Just about every day, I am someone’s customer. I purchase a product or service, renew something that I am already using, or someone shares something awesome with me. Why I buy is an entirely different conversation, but this week I had two back-to-back less than desirable purchasing situations.
Which made me think about the various friction points I encountered during the process and how easily they could have been erased.
As a solopreneur, we are taught to think about what we will provide to our customers and create a way for them to get that outcome. What makes sense to us, our ideal sales cycle, can be riddled with questions or friction points for someone else.
As an employee, we exacerbate these friction points through communication, or rather, communication issues.
Friction points occur regardless of how you are doing work. Removing them will elevate your presence and result in “more” of what you are seeking.
Here’s what happened this week: I was excited to purchase an online workout, nutrition and community program. They go on sale only once a week and open to a select number of people. (Side note – they are doing a great job of creating a sense of scarcity and exclusiveness). I waited and waited until I finally had the opportunity to “buy.” After completing payment, that was it. I was left staring at my screen asking, “What’s next?”
I was so baffled by the lack of any type of information as to what to expect, that I reached out via their contact form. “Hey – it’s me! I’m excited, how do I start? Where do I log in? Did I miss something?”
That is a friction point – I am already doubting the product/service. I’m asking myself if I was just scammed; how could they possibly not have this information in place – they are killing it; where can I find the FAQ; and so on. I didn’t mention it to someone who could have turned in to their client as well because I was confused.
Another example is a client of mine who is an employee in a corporate environment. She was asked to consult on a specific project with a high level executive. The information they were given was, “He needs your expertise, so please talk to him a few times and get him on track. We greatly appreciate it.” Awesome – a bigger opportunity.
But when the client got on the phone, he didn’t have the relevant information on-hand. She wasn’t given access to the project itself – just a name and number. The client rambled on about solutions and ideas that were discussed with the previous point person leaving her in a tizzy of how to proceed.
She hit a friction point – a miscommunication between the needs of the client and the information she was given. Wasting a lot of time to get things on to the same page.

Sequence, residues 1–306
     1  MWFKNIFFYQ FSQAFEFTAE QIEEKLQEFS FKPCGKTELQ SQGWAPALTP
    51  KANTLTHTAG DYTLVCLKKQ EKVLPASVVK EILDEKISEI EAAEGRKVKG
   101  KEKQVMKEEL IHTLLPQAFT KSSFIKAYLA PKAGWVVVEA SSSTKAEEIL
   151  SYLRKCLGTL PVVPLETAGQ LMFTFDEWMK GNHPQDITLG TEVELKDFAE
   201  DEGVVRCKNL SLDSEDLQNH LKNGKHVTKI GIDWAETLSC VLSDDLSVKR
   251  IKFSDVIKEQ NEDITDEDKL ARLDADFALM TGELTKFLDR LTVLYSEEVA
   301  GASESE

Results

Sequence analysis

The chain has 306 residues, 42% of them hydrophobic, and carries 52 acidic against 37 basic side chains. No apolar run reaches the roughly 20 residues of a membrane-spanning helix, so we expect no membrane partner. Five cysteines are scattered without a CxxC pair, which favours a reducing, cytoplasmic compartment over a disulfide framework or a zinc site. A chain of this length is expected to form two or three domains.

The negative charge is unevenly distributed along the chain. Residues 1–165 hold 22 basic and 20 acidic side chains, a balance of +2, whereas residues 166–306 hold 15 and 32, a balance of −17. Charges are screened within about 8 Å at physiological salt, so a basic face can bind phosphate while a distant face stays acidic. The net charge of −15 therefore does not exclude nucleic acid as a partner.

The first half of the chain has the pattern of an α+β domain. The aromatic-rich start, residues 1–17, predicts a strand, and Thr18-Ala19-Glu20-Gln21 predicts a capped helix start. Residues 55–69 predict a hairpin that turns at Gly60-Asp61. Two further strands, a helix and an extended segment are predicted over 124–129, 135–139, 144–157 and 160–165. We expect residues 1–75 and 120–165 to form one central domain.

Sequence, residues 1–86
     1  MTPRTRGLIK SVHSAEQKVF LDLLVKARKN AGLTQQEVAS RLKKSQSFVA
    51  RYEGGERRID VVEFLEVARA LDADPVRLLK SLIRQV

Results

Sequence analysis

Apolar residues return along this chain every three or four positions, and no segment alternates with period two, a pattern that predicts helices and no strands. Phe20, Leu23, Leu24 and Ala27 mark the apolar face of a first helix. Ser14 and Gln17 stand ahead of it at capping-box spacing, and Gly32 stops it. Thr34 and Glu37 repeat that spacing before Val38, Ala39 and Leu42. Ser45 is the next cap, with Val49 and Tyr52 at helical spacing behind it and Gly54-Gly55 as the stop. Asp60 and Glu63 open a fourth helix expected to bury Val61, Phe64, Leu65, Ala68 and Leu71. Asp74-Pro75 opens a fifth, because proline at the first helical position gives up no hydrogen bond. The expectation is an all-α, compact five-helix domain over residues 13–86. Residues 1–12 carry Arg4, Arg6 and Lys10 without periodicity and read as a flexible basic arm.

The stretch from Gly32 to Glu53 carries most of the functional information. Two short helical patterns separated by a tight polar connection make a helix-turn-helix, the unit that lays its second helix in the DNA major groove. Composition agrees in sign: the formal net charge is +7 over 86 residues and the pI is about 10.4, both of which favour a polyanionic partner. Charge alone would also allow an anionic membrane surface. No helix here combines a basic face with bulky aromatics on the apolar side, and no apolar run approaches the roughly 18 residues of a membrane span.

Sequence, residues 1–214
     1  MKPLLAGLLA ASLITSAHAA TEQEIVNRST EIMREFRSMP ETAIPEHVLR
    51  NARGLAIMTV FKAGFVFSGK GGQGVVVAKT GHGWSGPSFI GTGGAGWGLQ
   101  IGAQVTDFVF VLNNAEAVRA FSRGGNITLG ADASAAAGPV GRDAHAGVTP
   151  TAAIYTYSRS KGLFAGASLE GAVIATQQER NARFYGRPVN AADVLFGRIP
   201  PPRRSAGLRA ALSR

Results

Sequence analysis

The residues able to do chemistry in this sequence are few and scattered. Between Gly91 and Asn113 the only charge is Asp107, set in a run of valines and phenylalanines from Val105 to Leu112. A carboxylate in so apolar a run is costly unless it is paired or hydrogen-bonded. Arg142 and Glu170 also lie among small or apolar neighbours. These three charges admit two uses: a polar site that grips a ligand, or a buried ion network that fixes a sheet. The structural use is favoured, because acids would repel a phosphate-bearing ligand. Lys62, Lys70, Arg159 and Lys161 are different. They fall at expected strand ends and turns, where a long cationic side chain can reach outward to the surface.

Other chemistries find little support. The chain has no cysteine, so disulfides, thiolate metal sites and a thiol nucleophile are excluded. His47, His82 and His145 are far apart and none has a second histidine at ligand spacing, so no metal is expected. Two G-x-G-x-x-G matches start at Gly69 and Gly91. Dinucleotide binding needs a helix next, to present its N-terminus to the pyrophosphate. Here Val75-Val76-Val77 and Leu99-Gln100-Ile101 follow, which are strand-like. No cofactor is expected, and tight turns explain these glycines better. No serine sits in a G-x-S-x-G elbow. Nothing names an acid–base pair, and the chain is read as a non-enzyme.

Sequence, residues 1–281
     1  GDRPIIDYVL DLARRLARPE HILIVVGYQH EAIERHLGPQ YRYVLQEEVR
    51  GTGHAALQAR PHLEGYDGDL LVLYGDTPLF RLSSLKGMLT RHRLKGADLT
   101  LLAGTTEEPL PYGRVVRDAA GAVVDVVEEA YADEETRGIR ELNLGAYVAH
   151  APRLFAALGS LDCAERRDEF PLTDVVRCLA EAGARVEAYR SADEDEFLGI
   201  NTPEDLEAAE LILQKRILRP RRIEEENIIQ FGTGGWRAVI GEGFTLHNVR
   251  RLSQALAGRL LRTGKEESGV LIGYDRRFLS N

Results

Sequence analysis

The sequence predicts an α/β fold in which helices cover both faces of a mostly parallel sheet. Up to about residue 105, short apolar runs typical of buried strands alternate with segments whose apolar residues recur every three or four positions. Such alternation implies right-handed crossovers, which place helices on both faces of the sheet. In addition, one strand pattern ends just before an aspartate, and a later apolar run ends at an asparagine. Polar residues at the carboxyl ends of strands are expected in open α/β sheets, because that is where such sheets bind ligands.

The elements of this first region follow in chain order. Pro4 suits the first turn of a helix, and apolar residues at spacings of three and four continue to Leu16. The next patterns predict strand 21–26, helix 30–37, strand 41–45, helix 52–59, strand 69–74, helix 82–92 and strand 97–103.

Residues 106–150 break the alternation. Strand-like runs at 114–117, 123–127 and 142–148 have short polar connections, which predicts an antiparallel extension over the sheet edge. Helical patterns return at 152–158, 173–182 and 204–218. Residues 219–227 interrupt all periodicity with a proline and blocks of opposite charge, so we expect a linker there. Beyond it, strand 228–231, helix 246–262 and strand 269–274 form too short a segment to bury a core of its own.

The crazy thing about friction points is that for you, it’s obvious information. You know inherently what comes next in your process. You will overlook these points because to you, they don’t exist. So you have to seek them out.
How to Find Friction Points?
1. If you have been asked the same question more than twice, it’s a friction point.
2. Regardless of whom your client is (internal boss or external web purchaser), have someone else who isn’t in your realm, review the process and give your feedback. They will tend to find things that make them pause, reread, or go back to. That is a friction point.
3. Do some research on your competitors. Internally, review other projects that have been submitted; externally, go through a competitor’s buy-cycle to see what questions you have. These are friction points.
4. Over-communicate the important parts. It may seem to you, like you are “dumbing down” information, but you are providing extra details to eliminate as many hidden friction points as possible.
5. For sales pages, take a break from the work. Come back with a fresh set of eyes and a mindset to break the flow.
6. Review what has and hasn’t worked in the past. For employees, look at your previous performance plans and see areas where the perception of your performance doesn’t match reality. For entrepreneurs, look at your website tracking data and talk to your customers. Where are people leaving, what was confusing, what can be improved?
The fewer friction points you have in your work life, the more effective you will be. People will understand exactly what they are getting when you are connected and communication will become an issue of the past.
(Now please excuse me as I am currently working on taking my own advice).